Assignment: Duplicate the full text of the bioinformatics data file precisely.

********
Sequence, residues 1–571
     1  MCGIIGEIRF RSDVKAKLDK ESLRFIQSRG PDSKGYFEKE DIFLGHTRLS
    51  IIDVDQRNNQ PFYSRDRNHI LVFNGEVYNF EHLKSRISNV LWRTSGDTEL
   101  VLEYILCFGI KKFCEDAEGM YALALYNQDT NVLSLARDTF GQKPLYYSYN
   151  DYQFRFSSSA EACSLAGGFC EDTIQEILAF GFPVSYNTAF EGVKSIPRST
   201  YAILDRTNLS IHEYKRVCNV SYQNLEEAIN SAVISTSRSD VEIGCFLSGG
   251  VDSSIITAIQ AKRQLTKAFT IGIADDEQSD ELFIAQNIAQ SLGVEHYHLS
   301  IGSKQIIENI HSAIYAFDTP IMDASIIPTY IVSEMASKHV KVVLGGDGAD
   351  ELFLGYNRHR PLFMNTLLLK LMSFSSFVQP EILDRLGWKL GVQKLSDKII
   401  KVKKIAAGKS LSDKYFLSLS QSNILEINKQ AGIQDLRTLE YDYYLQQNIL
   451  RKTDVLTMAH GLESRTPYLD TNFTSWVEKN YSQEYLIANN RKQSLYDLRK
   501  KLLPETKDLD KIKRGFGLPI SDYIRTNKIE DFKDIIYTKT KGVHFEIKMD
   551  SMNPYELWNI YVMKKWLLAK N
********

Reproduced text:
Sequence, residues 1–571
     1  MCGIIGEIRF RSDVKAKLDK ESLRFIQSRG PDSKGYFEKE DIFLGHTRLS
    51  IIDVDQRNNQ PFYSRDRNHI LVFNGEVYNF EHLKSRISNV LWRTSGDTEL
   101  VLEYILCFGI KKFCEDAEGM YALALYNQDT NVLSLARDTF GQKPLYYSYN
   151  DYQFRFSSSA EACSLAGGFC EDTIQEILAF GFPVSYNTAF EGVKSIPRST
   201  YAILDRTNLS IHEYKRVCNV SYQNLEEAIN SAVISTSRSD VEIGCFLSGG
   251  VDSSIITAIQ AKRQLTKAFT IGIADDEQSD ELFIAQNIAQ SLGVEHYHLS
   301  IGSKQIIENI HSAIYAFDTP IMDASIIPTY IVSEMASKHV KVVLGGDGAD
   351  ELFLGYNRHR PLFMNTLLLK LMSFSSFVQP EILDRLGWKL GVQKLSDKII
   401  KVKKIAAGKS LSDKYFLSLS QSNILEINKQ AGIQDLRTLE YDYYLQQNIL
   451  RKTDVLTMAH GLESRTPYLD TNFTSWVEKN YSQEYLIANN RKQSLYDLRK
   501  KLLPETKDLD KIKRGFGLPI SDYIRTNKIE DFKDIIYTKT KGVHFEIKMD
   551  SMNPYELWNI YVMKKWLLAK N